The study is justified in many ways. Firstly, the problem of inadequate supply of cassava to the growing population is the concern of most farmers and the Government. Secondly, cassava production has not kept pace with the improved varieties and technologies available in Nigeria. Thirdly, cassava is a very important food crop plant in Nigeria and Nigeria is the largest world producer of cassava with yearly production of fresh tubers estimated at 10-13 million tons (NAQAS, 2002).

The ever increasing importance of cassava as a food crop in Nigeria calls for effort to increase its production. This is more so, when improved varieties and technologies for cassava production are available. Abia state farmers have been constrained from increasing their cassava production, despite increasing demand for the product. It is therefore important that the practices adopted by the farmers are evaluated and the efficiency/productivity of various resources used in the production, as well as the constraints to increased cassava production be examined.

The government will benefit immensely from this study in terms of provision of adequate policies that will enhance efficient utilization of available resources thereby achieving increased productivity and growth. More so, the National Root Crops Research Institute, Umudike and Abia state Agricultural Development Project have distributed millions of high yielding, disease and pest resistant cassava cuttings to farmers, youth organizations, women organizations and Local Government Areas in Abia state and beyond. This research will assist the individual farmers, government and international organizations interested in cassava farming to be more focused and research oriented by ensuring that the right varieties are used and appropriate techniques adopted.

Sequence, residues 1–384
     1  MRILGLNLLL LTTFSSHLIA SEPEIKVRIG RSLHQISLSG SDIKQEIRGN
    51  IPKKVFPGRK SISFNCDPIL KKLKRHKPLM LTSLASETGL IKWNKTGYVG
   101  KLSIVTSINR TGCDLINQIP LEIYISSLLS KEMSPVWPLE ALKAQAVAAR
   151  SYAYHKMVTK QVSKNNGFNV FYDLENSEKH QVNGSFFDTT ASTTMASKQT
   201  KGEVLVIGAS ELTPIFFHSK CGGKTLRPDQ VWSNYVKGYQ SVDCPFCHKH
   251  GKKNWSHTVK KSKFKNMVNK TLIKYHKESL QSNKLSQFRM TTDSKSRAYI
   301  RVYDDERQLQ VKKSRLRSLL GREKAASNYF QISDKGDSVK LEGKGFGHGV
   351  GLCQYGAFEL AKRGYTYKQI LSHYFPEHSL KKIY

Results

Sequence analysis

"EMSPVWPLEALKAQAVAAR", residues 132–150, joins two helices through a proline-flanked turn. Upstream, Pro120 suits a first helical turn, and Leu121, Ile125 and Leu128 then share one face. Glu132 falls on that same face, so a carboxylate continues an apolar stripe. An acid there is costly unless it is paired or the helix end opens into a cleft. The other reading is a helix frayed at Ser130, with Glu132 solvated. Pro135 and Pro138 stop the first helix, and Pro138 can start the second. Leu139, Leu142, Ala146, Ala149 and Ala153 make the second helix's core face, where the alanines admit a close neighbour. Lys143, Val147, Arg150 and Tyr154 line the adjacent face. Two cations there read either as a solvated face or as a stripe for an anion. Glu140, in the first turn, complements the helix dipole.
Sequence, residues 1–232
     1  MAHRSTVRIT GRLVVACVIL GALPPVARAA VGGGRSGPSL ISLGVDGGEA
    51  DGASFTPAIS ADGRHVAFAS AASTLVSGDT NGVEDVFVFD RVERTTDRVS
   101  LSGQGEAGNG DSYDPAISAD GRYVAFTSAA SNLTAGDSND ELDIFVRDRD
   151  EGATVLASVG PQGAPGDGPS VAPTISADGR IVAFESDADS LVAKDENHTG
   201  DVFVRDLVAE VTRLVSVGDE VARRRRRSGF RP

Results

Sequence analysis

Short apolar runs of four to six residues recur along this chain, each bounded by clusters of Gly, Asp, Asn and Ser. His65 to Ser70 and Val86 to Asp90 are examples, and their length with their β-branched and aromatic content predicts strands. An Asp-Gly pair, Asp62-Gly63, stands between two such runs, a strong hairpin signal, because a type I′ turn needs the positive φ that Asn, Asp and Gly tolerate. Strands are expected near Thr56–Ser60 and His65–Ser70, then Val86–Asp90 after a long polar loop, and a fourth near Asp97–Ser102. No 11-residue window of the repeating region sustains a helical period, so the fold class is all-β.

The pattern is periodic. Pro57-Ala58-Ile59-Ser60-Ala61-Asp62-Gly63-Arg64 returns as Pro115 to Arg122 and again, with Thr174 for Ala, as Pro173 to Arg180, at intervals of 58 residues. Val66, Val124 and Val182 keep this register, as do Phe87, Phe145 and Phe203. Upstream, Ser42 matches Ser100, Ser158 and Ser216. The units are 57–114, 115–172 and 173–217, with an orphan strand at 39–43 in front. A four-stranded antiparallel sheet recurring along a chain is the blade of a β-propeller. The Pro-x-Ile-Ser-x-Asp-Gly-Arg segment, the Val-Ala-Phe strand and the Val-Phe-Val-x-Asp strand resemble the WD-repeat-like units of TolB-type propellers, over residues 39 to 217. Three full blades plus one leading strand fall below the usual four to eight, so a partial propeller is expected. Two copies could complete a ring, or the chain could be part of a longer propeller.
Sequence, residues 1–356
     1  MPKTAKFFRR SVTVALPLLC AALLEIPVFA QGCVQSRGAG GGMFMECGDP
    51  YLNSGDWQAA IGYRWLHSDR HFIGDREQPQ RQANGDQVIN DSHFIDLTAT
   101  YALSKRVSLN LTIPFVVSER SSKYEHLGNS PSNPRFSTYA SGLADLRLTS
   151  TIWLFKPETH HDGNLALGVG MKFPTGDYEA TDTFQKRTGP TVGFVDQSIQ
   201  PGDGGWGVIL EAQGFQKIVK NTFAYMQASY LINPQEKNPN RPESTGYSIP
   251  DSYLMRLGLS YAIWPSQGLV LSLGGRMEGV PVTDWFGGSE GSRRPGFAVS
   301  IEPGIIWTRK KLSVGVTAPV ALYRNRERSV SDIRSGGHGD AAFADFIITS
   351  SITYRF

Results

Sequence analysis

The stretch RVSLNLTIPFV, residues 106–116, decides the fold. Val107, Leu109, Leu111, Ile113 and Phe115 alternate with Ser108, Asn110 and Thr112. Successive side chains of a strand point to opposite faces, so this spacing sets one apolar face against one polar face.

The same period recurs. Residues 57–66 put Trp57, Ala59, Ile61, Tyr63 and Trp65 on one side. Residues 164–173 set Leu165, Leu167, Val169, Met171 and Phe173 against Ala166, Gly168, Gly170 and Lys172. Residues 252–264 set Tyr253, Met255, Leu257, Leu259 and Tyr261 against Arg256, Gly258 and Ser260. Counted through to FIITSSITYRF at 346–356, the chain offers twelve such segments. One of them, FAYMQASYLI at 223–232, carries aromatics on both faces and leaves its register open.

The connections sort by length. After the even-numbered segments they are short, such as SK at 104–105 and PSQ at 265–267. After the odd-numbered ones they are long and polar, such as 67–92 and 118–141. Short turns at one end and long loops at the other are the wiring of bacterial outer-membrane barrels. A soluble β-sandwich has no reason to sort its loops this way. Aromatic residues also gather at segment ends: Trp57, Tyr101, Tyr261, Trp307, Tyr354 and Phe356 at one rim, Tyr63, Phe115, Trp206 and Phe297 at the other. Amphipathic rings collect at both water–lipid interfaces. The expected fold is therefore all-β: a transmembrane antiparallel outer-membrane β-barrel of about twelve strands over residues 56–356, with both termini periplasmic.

Efficiency study with respect to production enables one to test the presence of and measure the level of efficiency in production, thus making theory to come close to real life situation (Ajibefun and Aderinola, 2003). Empirical measures of efficiency are necessary in order to determine the magnitude of the gains that could be obtained by improving performance in agricultural production with a given technology. To this end, a study of farm level efficiency would be a useful guide to policy makers in ascertaining pro-poor agricultural initiatives which will help farms to operate efficiently and therefore able to prosper and generate higher income. The study will be of great importance in suggesting ways of improving the efficiency of cassava farmers in the state.

Ample information on optimizing the resources available to cassava farmers will be provided by this study thus boosting cassava production in the study area. This research will also serve as a baseline on which other research work on efficiency would be compared using the same methodology. It is hoped that such a study will provide clearer insight into the dynamics of cassava production and would therefore be useful in assisting agricultural policy makers and national development planners in their formulation of national policies especially as they affect cassava production in Nigeria. The findings will also be a useful reference point to research scholars interested in this and related topics.